In a nutshell, the idea is that every medium of communication carries with it inherent constraints which determine how the content carried by that medium will be created, transmitted and received. So the way in which we receive a message is partly determined by the medium through which we receive it (i.e., text versus TV, or blog versus Bible).

My musing over this stems from a concern over whether I might be unwisely using my time writing a blog? I tend to justify it to myself with two reasons:

  1. Writing these posts gets me thinking more deeply about ‘God-stuff’ than I would do otherwise.
  2. It serves the Body of Christ to have God-glorifying content on the internet.

However, I cannot say with absolute certainty that God has ‘called’ me to blog. I could write in my own notebook in order to think deeply about God without inflicting my musings upon the world. I am not even certain that what I write is of any benefit to the Body of Christ.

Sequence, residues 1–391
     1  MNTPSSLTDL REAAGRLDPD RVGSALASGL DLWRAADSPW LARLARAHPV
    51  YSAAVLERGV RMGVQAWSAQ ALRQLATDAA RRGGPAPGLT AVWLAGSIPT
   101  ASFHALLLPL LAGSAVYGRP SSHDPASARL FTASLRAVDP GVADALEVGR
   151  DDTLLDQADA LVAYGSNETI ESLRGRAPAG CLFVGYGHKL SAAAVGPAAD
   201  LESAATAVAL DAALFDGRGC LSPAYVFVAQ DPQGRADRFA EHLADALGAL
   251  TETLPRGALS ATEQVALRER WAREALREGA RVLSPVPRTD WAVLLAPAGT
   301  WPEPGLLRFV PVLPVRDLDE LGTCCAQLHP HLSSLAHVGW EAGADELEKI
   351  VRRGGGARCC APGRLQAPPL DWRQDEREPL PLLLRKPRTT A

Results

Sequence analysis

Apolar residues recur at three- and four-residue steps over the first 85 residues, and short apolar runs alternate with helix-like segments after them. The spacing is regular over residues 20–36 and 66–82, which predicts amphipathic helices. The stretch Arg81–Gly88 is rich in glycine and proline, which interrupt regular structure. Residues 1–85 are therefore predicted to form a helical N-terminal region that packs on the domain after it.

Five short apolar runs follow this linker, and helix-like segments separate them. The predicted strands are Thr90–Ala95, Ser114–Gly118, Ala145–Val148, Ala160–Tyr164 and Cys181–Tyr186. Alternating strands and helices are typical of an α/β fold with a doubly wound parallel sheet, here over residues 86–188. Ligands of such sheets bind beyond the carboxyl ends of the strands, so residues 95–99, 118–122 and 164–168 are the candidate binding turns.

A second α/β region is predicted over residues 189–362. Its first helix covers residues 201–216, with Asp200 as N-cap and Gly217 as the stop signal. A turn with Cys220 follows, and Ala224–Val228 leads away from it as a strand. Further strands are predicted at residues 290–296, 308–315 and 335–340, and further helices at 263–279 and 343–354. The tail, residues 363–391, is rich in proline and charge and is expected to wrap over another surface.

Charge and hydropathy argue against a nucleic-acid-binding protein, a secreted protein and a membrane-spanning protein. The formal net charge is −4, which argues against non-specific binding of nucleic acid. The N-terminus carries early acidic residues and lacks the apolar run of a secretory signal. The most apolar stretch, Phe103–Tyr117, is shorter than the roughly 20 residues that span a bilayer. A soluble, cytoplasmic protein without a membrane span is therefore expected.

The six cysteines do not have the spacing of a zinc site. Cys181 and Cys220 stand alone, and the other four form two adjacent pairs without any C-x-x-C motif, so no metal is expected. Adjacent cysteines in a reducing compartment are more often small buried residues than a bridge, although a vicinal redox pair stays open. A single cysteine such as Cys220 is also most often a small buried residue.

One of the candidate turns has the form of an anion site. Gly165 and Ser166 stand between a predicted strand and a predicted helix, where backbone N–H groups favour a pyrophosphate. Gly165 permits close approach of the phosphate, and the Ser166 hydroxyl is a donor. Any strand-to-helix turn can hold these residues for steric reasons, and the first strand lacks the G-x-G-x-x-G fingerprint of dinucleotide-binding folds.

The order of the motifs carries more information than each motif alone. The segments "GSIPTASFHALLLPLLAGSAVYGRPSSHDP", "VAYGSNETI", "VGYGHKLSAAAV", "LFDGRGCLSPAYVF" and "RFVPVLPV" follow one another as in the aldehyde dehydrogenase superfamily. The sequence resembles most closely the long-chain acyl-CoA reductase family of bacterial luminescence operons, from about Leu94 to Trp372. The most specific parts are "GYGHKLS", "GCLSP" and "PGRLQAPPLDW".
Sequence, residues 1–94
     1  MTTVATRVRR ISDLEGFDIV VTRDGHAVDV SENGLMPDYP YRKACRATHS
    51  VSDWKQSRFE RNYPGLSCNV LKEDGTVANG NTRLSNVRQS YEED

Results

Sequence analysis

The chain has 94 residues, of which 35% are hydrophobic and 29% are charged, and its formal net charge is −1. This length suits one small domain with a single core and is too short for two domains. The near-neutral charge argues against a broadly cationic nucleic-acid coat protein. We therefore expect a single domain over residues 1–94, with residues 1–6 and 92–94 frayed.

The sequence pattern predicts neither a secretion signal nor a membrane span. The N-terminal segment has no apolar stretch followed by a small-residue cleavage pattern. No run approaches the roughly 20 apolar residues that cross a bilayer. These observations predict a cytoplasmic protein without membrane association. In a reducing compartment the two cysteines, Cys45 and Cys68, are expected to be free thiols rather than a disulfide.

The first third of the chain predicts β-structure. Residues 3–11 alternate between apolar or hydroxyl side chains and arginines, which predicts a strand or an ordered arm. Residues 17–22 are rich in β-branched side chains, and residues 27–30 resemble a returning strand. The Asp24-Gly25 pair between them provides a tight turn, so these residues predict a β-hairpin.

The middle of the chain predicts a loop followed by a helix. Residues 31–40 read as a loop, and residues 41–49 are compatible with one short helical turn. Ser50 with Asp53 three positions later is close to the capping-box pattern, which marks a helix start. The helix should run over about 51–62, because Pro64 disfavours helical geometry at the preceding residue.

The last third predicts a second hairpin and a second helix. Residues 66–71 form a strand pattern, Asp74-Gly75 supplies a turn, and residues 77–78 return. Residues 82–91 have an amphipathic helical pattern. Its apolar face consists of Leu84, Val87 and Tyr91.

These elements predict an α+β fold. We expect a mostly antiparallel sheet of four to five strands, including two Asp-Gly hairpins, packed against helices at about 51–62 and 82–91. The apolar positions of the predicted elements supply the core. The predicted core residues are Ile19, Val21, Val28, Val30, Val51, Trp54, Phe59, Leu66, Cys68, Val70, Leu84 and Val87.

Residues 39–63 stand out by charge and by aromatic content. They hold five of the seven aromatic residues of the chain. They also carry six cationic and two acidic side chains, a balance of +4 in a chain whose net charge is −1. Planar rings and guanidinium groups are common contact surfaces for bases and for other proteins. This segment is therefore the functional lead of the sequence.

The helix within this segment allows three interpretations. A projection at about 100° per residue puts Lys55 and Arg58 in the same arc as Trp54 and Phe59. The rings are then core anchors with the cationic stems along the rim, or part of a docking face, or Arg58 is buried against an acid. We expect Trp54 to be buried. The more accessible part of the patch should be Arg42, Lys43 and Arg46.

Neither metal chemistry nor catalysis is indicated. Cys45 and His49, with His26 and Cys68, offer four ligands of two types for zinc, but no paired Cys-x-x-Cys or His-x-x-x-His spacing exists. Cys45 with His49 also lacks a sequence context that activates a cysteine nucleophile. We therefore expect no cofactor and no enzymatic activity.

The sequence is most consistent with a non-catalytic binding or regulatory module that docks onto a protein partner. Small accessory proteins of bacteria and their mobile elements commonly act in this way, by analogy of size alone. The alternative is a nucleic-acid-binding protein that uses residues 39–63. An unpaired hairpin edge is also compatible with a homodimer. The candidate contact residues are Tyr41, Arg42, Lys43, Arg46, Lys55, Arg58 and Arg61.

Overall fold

So I have two questions:

  1. Is it possible to truly honour God with the medium of a blog?
  2. What is the best way to use a blog to glorify God?

Question 1 is basically a yes/no question. Question 2 may require some explanation: the format of a blog determines how the message is received. Some of the ways in which the format affects the message is that readers of web pages tend to skim rather than ponder; many blogs are entertainment so this colours how people read all blogs; there are technical constraints on how a web page can be displayed, limiting how it can look; a blog must always be viewed through a gadget (computer, ipad, phone); and so on.

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Why do you work?

For most of us, to ask why we work amounts to a pretty stupid question because the answer is obvious – we work to get paid so we can buy food, clothes, pay for somewhere to live and pay the bills. Very few have so much money that they don’t need to work.